Some of the new missions are quite good, like one of my new favorites, Dread Pirate Scarlet. The randomness is a welcome addition, having to think a bit and react to new parameters each time you run the mission is definitely a step in the right direction. We will always need missions like Gone Berserk, which are fun based on the underlying mechanics, but more quality storylines like the starter missions or epic arcs would be great.

For now though I am waiting to see the effects in practice of the new expansion. Focusing on wars and space combat is important for EVE as a game, because a large part of it is player versus player. Of course I have concerns regarding the effects this can have on my PvE playstyle, namely through the more streamlined war features, with the goal to make highsec wars easier. As CCP themselves have stated, the only way to protect yourself against wars is to join an NPC corporation. I will always be loyal to JVC and Sytek, so that will never be an option. I don’t really think it will change that much for us, but being at war constantly would effectively ruin the game for PvE centric pilots.

Of course that’s the ages old debate of PvP players vs PvE players, which is more or less exactly the same kind of useless fight as PC vs Mac. There will never be an optimal solution for either side, and ultimately they need each other. So in fine, my concern is whether CCP will be able to keep both worlds balanced so neither has to cut back. Then again, if all wardecs could be like the last one JVC was in, I would be quite content: the CEO of the one-man corporation that declared war on us did not log on once during the whole week. It was even better than that other CEO who had chosen JVC randomly in the alliances list while drunk. They were so far away fom any of us that we never saw a single war target.

Anyway, to wrap this up, Aeon has once again moved his base of operations because his missioning system was getting too crowded. Trust there to be a good potential for foolishness as soon as your missioning system hits an average of over 30 pilots. Ashokon was reaching peaks of 100 pilots and more, and miners complaining of getting ganked in local is never a good sign. The new system was 19 jumps away, and seems to be quite promising. Aeon and Loreena had to go through Niarja to get there – which is never really fun, especially with pimped mission ships. Getting targeted by tier 3 battlecruisers hovering on the gates always brings a momentary chill, but so far they have been able to get everything to destination in one piece. Loreena had it easiest, she took the Orca to move everything except the Kronos. With a special defense fit, the Orca is probably one of the safest (of the slow) ships to move things around. Transport ships are still the best option in my opinion, but that depends on the size of the cargo of course. Transporting fully fitted ships in the Orca is always a big bonus.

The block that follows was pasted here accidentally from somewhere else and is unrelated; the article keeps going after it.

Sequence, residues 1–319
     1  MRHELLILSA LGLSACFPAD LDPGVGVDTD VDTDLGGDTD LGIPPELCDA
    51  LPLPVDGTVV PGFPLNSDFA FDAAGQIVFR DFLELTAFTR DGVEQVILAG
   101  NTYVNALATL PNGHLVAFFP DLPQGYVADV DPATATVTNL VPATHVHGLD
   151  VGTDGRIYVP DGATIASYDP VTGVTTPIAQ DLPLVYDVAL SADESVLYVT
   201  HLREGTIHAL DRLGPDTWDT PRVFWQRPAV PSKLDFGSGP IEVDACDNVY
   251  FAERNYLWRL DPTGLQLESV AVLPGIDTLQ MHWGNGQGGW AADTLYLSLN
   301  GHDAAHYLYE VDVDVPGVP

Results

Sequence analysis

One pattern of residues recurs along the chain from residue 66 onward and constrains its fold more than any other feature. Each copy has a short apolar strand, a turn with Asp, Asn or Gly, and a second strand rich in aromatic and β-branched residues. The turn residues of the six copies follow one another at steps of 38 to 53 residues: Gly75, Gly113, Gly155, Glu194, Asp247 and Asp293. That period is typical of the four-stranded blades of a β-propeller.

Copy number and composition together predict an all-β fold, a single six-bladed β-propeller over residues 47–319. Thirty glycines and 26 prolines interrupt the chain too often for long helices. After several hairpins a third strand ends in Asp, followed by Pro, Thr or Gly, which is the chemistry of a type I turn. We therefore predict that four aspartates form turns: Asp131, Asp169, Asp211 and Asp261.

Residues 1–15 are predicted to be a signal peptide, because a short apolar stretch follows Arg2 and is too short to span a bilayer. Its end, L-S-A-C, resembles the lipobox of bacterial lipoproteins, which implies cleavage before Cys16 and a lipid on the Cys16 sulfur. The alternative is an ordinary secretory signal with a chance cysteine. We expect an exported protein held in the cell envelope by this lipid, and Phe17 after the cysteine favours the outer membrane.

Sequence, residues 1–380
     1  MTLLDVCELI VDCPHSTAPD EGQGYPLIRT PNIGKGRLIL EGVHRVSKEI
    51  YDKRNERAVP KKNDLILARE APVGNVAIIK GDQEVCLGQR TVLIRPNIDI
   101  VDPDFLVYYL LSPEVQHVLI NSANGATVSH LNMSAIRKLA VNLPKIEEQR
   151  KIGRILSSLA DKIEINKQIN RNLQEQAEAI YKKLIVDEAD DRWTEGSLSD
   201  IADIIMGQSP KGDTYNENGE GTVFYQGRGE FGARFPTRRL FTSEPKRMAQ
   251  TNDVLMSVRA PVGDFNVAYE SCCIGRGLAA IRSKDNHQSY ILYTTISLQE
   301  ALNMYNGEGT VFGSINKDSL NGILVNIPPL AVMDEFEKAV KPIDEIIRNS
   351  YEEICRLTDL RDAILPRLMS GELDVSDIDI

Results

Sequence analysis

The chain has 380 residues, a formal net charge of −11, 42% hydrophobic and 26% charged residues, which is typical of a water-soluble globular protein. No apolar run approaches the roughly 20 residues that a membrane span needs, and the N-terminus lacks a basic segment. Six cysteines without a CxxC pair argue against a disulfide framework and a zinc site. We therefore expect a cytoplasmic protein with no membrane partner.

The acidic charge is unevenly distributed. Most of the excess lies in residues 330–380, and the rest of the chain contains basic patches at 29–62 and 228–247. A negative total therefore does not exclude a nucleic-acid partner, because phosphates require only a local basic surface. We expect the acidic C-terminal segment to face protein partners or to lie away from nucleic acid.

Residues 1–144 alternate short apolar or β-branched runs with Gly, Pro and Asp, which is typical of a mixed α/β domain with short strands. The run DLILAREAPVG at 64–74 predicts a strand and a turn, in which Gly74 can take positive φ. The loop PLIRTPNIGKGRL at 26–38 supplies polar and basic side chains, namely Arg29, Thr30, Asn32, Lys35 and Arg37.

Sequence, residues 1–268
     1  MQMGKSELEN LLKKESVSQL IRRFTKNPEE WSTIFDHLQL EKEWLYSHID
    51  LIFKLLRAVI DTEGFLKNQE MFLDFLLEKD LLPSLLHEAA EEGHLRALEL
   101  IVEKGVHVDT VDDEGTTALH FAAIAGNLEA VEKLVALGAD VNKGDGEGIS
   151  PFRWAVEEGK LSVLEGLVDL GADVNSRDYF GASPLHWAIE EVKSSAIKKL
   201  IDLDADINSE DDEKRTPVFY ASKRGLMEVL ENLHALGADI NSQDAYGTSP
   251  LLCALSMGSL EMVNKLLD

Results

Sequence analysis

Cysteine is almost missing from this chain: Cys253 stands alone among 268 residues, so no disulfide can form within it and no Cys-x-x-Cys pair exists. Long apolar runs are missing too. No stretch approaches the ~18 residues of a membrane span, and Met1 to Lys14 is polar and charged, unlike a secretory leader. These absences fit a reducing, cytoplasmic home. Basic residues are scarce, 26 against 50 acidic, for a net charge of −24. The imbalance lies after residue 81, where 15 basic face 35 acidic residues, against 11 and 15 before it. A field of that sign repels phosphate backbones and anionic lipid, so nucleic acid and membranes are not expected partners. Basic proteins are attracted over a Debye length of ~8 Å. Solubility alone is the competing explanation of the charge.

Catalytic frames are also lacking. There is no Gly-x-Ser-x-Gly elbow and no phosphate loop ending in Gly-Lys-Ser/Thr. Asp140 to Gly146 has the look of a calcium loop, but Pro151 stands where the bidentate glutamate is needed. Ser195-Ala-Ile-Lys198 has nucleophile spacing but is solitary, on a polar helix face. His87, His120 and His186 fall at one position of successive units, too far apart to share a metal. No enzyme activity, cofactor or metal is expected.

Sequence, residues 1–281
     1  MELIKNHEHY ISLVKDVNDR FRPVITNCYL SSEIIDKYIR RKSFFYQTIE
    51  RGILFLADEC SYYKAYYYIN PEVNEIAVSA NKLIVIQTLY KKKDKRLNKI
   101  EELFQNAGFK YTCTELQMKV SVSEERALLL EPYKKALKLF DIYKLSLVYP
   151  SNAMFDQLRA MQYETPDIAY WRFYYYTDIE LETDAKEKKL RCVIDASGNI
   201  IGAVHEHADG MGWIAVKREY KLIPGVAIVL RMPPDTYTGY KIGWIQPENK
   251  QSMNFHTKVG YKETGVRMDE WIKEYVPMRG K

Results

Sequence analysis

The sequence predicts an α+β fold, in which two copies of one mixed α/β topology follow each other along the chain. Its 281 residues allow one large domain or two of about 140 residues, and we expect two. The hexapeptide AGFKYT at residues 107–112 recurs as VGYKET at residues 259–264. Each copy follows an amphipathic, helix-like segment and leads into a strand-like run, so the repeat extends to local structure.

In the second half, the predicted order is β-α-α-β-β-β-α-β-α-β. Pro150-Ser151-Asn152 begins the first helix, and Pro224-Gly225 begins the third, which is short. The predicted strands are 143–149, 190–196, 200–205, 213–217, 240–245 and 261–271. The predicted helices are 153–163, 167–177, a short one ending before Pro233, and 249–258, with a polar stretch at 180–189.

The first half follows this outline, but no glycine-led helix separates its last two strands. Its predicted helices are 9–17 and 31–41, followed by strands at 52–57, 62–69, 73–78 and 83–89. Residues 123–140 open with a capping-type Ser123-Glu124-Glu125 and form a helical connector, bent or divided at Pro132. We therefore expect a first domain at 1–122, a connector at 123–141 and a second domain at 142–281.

Let’s see how Aeon and Loreena like their new home, but I already like the new agent: the first mission he gave Aeon was Gone Berserk, one of his top 10 favorites πŸ™‚

On a sidenote, Loreena had to indulge herself a little and went from a natural brunette to a natural blonde (that’s the beauty of modern DNA alteration technology). I think Aeon approves.

Sep 24 2011

Day 1763: The nomad reawakens

Is it safe to jump through? Sure, you first.

After an excursion into Planetary Interaction that was both fun and utterly unprofitable, I realized Aeon had become way too sedentarized. Stuck in the same system and surrounding area for months on end to be able to move PI materials to market, the monotony started to get to me. As a result, I logged in less often because I knew that if I did, it would only be to update extractors and ferry stuff around. Yes, that kind of activity can be fun depending on your enthusiasm – but it is usually just as boring as it sounds. It took an email request from one of my corp members to get me interested again – I logged on, and a few conversations later I was hooked again. It’s like logging into a website like DeviantART or even Facebook: if you want to avoid being sucked in, avoid logging in. There is no such thing as just logging in for that “quick peek”.

I knew my Planetary Interaction cycle was over. I needed to do something fun again, and after a good hot bath (my secret concentration weapon) I knew I had to take Aeon and Loreena back to their roots. Aeon has always been a nomad at heart, going where the cosmic winds take him. Loreena was uprooted from her previous life by her homeworld’s destruction, and has been a nomad since as well. I had to cut all ties to things that make you stay in one place in the game, the most notorious being a POS. I had moved Aeon to Chidah for the POS, but after its destruction by a roaming gang (due to my inactivity it had gone offline) I knew I would not set up a new one. It is always a bad thing if a GAME you play becomes as much a chore as your everyday job. In my opinion that is specifically an area in which CCP have blundered, but that’s another story. So for Aeon and Loreena to become true nomads again, I decided to let all this go. No more POS, no more PI, no more manufacturing.

Loreena sold her entire BPO collection for 2 billion (thanks again, DD!), which helped in funding better fittings for the few ships Aeon and Loreena would take along. Aeon needed only Sparhawk’s Wrath (his Paladin), Loreena provided support as always with Tatonka (her Orca). She transports all commonly needed modules with it, as well as a few ships: “Naeroth’s Razor” (her Proteus), “Repair-O-Tron” (her Oneiros), “Sentinel” (her Guardian) and a shuttle. No need for a fixed base of operations: between the two of them, they can master any task they might get.